Professor Jim Sidanius
Professor Jim Sidanius

Jim Sidanius

Through his work at the Sidanius Lab, Jim Sidanius explores intersections of psychology and racism.
By Kathleen Cronin

Jim Sidanius has studied political psychology in two countries for more than half a century. Today, he is the John Lindsley Professor of Psychology in memory of William James and of African and African American Studies. He wants Harvard students, however, to know that even he is “still struggling to figure out what is going on in the world.” In the era of Trump and white nationalist demonstrations, Sidanius and his team are working to understand present day segregation and racism not only in the United States, but around the globe. Editor’s note: This interview has been edited for length and clarity.

FM: Can you tell me a little bit about your childhood and where you grew up?

JS: I grew up in New York City in Manhattan in the mid-twentieth century and lived in several different places around the city and in the South Bronx for a while. Since my father was dead and I was the only child of a working mother, she would handle childcare by farming me out to various friends and relatives for five days a week, and then on the weekend I would spend the time with my biological mom.

FM: What about psychology inspired you to pursue a doctorate?

JS: I’d always been interested in psychology, ever since I was a young lad, and originally I was interested in clinical psychology and psychological illnesses, and that prompted me to direct my attention to that area for a good long while until I became a second-year graduate student and sort of became disillusioned with the state of our knowledge in clinical psychology. I left the field and decided to study political psychology. I’d always been politically active in the civil rights movement and the black power movement, and it seemed a good way to wed my two interests: psychology and politics.

FM: Can you please explain the social dominance theory?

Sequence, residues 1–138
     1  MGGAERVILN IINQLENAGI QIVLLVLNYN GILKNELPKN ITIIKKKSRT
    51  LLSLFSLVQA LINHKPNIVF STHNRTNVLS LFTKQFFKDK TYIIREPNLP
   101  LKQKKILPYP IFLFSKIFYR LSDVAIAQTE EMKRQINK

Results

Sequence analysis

JS: Social dominance theory is something I came up with when I had returned from Sweden to the United States in the 1980s. One of the things I noticed while I was in Sweden was that even though the level of prejudice and discrimination in the culture was much less than I experienced in the U.S., it was still the case that there seemed to always be a group of people who were discriminated against, and oppressed society would always divide into dominants and subordinates. In reading through history it seems to be the case that it was a constant phenomenon in all societies regardless if they were democratic or authoritarian. They all consisted of systems of group-based inequality, and it was an attempt to try to understand why that was.

FM: The Sidanius lab focuses on the social psychology of intergroup relations. Why did you make this the focus of the lab, and what are you and your team working on right now?

JS: We are working on a variety of things. One of the things I am in the middle of writing at the moment is looking at some data from South Africa, in terms of the relationship between ethnic and national identity. In the United States, there’s a positive correlation between feeling American and identifying as white, but for African Americans, the relationship between those two identities is negative, so the more African American they feel, the less American they feel. From my perspective, an improvement on “inter-ethnic” relationships would be if each member of each ethnic group could feel equally associated with the nation as a whole and with their ethnic sub-identities, which would be an ideal state of pluralism.

FM: Recently, there have been highly visible displays of white nationalism in the United States. Do you think that these views have always been alive and well in the US and President Trump made it acceptable to express these views, or do you think that President Trump has inspired a new group of individuals to take on white nationalist mindsets?

JS: No, I don’t think there is anything new in what happened in Charlottesville. He did not instigate anything new, he simply touched a nerve in a phenomenon that was always latent in American culture and as far as we can tell about a third of the population was all sort of latently fascist oriented and relatively racist. He simply made it acceptable to express those feelings and emotions. So that is the only real difference between the past pre-Trump and the post-Trump era.

FM: In your 2008 book “The Diversity Challenge,” you tracked 2000 students at the University of California, Los Angeles, and you were unable to detect any effect, positive or negative, of the university’s extensive multicultural programming. Why do you think that is?

JS: The thing I find most interesting in the results, is that the longer students were exposed to ethnic organizations, the more intolerant they became of other ethnic groups. So, you can think of fraternities and sororities as a kind of white or ethnically-oriented or identity-oriented organization, and the same thing happened to the minority students. So these ethnically oriented student organizations had a tendency in our findings to exacerbate tension between the various ethnic groups, rather than to alleviate it.

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